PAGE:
Birch trees are known for their paper-like bark, which may be peeled away from the trunk. The trees have a smooth appearance when young and take on a blackened look as they age. Birches are susceptible to fungus, cankers, borers and leaf miner attacks that can defoliate the tree and lead to slow death. If your tree is in decline, you can cut it down and kill the roots with copper nails.
Examine the birch tree to determine the tree’s shape. Birch trees may grow with a single stem or in a clump. If a birch grows in a clump, you will need to remove each trunk individually.
Look around the base of the birch and remove any obstacles that may be in the tree’s drop zone. Birch trees may be as much as 50 foot high and 25 foot wide. Remove anything that can be damaged by the tree’s fall in a ring 75 feet around the tree.
Measure the size of each birch trunk in the clump. Use a chainsaw to remove each trunk that is larger than 6 inches in diameter. For trunk smaller than 6 inches in diameter, use a hand saw. In this way, the upright trunks do not prevent the felled trunks from falling.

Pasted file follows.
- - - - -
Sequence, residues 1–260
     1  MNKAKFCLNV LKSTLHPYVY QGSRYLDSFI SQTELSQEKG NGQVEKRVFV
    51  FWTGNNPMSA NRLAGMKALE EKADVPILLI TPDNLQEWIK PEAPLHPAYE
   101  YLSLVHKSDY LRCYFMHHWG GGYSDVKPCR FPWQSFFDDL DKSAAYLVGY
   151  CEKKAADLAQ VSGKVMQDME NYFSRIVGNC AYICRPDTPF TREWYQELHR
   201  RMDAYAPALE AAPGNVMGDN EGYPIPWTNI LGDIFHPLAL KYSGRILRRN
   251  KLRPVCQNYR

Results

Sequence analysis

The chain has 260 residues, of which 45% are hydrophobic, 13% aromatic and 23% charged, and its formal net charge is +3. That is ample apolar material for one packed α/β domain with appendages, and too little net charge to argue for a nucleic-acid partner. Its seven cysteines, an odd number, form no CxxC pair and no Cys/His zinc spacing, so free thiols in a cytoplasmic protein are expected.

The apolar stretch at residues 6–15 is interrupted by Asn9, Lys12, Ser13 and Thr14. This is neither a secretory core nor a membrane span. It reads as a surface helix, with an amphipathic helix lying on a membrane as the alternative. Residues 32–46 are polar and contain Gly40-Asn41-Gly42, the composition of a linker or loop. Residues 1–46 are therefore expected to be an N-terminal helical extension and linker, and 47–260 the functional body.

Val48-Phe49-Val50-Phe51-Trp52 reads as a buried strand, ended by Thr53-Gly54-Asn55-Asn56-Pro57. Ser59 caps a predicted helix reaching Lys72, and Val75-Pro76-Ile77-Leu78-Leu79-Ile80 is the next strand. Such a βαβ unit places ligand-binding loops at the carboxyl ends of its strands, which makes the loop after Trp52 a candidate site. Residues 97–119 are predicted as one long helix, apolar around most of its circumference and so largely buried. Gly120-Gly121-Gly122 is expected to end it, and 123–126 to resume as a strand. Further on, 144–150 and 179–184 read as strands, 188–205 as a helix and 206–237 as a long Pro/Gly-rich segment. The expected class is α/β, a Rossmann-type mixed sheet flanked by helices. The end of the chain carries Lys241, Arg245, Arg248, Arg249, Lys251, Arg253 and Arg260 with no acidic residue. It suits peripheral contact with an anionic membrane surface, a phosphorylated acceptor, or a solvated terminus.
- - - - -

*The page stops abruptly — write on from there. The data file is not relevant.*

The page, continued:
Make a wedge-shaped cut near the base of the birch tree’s trunk or stem. This cut should open at a 45-degree angle in the direction that you want the tree to fall, and should only extend one-third of the way through the tree.
Make a second cut on the other side of the trunk. This cut should be slightly higher on the tree’s trunk than the first cut. The tree’s trunk will begin to tilt and fall. Step away from the birch as the tree falls.
Place the pointed tip of a 3-inch copper spike nail in the center of the cut surface of each trunk of the birch clump. Drive the spike nail into the trunk.
Water the tree’s trunk frequently to keep it damp. This will help to oxidize the copper and will also speed the rotting process of the trunk.